Make sure that the door to the room can be locked (key, combination, access card, ...). If possible, have a "man trap" or outer vestibule. Make sure that the room has UPS otherwise plan UPS in the design (each rack, or a individual rack per row, or a flywheel, or ...). Make sure that the facility has a backup generator and that the systems are part of that circuit. Make sure to account for cooling efficiency (a hot-aisle/cold-aisle setup, or dedicated chilled water air conditioning on each row, or ...). Env

    • because they are way different.

      remote config, you just need secure telnet and good management pipes, on top of the normal basic gizmo office (overpowered PCs, hopefully dual screens, redundant power, etc.)

      local config, you will also need an open half-rack on casters at each workstation area, good AC and "battery" power, I like the idea of a cube terminal server 8 or more ports for you to get into the craft ports and push scripts, then localize afterwards. or a localization generator which saves all the con

  • Use fiber for everything, setup a pfsense box, set the switches to unmanaged, and use one collision domain. I suggest
  • by FuegoFuerte ( 247200 ) on Tuesday October 07, 2014 @02:16PM (#48085111)

    and I like to get paid for my work. I expect most of my peers feel similar. So as unhelpful as you may find this, hire someone who's done it before, and ask them nicely to let you tag along and learn. Then you can become one of the professionals.

    The above statement may sound condescending, but it's not meant that way. It takes years to learn the stuff you're asking, and differentiates the juniors from the seniors. Asking the seniors to train you for free isn't likely to be that well received by most of us.

    • by pr0t0 ( 216378 )

      I understand where you are coming from, but I have to disagree...publicly.

      If we took that attitude, why bother coming here at all? I come to slashdot to learn from those who have expertise in a given field, and lend my expertise in return. It's how we grow; individually and as a species. What purpose do sites like Stackoverflow serve in your world? We should all be working to help each other, not protect our meager little slice of the pie. What you know isn't a secret. You and you alone have not figured out

      • by FuegoFuerte ( 247200 ) on Tuesday October 07, 2014 @06:16PM (#48087405)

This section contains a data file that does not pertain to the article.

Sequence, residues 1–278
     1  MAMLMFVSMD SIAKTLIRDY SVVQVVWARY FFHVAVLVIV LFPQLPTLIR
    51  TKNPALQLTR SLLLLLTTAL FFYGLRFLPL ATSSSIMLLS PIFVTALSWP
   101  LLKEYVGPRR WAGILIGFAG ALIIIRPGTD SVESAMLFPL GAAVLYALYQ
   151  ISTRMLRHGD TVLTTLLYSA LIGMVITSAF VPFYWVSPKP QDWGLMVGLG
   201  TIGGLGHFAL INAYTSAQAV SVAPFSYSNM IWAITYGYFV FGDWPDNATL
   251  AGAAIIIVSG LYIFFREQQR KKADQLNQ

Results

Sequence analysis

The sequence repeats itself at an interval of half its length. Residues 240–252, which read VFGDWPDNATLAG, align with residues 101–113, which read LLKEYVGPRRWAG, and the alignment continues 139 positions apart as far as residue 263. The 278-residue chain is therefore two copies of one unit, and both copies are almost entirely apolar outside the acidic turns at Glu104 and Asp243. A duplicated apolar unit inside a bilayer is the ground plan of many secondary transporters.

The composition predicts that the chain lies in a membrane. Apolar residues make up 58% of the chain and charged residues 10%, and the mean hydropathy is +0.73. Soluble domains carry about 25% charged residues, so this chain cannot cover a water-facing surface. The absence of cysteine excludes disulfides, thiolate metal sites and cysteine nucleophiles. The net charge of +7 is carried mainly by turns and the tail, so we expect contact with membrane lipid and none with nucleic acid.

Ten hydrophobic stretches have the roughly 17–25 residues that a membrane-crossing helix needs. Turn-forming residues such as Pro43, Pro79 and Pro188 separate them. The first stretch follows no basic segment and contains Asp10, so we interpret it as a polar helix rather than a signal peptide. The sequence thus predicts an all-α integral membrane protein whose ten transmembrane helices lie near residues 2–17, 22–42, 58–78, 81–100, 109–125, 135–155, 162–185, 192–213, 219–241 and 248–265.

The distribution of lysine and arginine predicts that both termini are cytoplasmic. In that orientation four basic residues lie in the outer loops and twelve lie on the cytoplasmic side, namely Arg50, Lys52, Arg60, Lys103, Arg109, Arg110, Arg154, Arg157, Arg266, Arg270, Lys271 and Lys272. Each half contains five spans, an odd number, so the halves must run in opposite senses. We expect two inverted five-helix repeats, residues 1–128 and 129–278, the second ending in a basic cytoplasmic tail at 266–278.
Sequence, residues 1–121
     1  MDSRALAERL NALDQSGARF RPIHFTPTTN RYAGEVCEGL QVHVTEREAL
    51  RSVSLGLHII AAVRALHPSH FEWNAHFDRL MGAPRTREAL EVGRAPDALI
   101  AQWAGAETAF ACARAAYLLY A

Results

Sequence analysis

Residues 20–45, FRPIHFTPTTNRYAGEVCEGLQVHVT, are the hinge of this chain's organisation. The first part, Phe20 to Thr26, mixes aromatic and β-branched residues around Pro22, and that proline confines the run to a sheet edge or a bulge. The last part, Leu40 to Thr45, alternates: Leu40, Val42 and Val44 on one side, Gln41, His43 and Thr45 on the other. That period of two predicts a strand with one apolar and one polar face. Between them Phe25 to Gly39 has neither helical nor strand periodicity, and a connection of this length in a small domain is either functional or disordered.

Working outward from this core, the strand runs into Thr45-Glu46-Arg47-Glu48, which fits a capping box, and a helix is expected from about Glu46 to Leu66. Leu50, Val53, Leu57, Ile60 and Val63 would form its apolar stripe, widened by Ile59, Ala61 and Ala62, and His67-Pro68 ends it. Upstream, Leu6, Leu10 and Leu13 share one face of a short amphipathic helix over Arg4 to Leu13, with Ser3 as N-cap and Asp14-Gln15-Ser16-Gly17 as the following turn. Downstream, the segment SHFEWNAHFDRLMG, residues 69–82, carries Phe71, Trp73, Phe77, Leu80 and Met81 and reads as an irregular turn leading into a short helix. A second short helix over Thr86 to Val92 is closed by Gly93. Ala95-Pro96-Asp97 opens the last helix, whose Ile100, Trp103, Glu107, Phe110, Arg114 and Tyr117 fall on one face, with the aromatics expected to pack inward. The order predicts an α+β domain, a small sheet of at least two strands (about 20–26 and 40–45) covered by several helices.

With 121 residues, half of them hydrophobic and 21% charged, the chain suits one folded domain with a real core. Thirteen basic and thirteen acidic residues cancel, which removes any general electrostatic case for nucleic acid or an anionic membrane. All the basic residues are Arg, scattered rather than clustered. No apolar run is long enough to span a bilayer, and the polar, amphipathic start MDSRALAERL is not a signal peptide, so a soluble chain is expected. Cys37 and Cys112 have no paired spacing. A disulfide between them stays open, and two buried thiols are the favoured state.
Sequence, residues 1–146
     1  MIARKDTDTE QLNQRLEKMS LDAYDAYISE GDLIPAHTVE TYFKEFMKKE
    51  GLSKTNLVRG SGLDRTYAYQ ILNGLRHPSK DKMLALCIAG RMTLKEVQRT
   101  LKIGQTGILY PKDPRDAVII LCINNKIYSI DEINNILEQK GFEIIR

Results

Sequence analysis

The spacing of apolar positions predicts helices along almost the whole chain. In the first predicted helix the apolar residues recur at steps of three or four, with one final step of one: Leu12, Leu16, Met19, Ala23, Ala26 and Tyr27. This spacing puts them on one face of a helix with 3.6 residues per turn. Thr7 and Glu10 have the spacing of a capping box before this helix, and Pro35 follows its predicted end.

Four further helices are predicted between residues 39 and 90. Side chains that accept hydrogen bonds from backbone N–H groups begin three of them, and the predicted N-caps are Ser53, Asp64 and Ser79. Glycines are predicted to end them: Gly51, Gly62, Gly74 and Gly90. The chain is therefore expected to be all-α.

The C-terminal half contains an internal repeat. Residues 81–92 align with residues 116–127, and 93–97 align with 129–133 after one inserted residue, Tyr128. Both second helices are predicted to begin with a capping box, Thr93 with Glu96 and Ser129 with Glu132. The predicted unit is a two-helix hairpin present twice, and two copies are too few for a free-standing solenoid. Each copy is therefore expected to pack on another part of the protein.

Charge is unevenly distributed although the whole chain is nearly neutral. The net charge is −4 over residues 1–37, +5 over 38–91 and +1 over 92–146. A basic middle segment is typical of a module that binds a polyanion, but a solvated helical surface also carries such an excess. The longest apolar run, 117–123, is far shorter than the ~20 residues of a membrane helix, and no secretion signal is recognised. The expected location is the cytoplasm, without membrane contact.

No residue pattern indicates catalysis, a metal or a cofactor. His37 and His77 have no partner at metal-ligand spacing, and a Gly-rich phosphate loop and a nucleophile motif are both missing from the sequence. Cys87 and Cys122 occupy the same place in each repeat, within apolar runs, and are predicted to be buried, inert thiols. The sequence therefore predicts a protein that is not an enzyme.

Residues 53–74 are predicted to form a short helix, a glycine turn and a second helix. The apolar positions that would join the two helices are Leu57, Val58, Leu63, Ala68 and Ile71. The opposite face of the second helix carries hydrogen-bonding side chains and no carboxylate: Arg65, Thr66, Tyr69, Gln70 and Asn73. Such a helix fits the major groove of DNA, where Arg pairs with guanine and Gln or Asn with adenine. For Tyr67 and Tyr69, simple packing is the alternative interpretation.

Actually, it's not so much an "unwillingness to share" even though I understand how it comes across that way. If it were a simple question, such as one might find on stackoverflow, certainly, happy to help. But the breadth of the question means a huge amount of time is required to answer it in any sort of adequate fashion. Time is money, they say, and frankly I have more money than time. So it's more like "there's a limit to my generosity, after that you have to pay for my time."

  • by Anonymous Coward

    Get yourself plenty of serial console servers. 48 port ones are normal, so maybe you need 5. Then you can have specific places where each one goes. People go in once place, equipment goes in another. There's nothing worse than working next to hardware.

    • by tlhIngan ( 30335 )

      Get yourself plenty of serial console servers. 48 port ones are normal, so maybe you need 5. Then you can have specific places where each one goes. People go in once place, equipment goes in another. There's nothing worse than working next to hardware.

      It's not just having to work next to the noise, it's the lack of space to work - you're plugging your laptop in and it's precariously balanced on something and you need to reach for something else, etc. etc. then OOPS! You bump the laptop, and it jerks the wro

      • by dbIII ( 701233 )

        at a desk where you can CALMLY sit down and have reference materials open means fixing problems are less likely to cause new ones.

        Just having a desk in a server room with very long video/kdb/mouse/serial cables to a screen etc on the desk can make a massive difference on the cheap. If it's only going to be used occasionally on things that are not available on a network at the time there's not so much call for a KVM box with multiple connections.
        A big bench is also good for setting up that new noisy server

  • For telecom, the best things we did was to put plywood up on the walls so we could mount any 110 or 66 blocks there as well as any surface mount equipment. I've also highly enjoyed the b-line flextray cable management system to move cables from point A to B within a room. Likewise, put a good cable management flange down the sides of your 2 post racks to reduce the temptation to just waterfall all your cables over the rest of you equipment. If you're dealing with servers, I recommend a mobile crash cart
  • Put plywood up on your walls for surface mount things like 110 or 66 blocks and any surface mount equipment. From a product standpoint, I've found the b-line flextray cable management system to be very nice and easy to install. I'd also invest in any kind of vertical flange cable management for your 2 post racks just to help keep from waterfalling your cables over the equipment.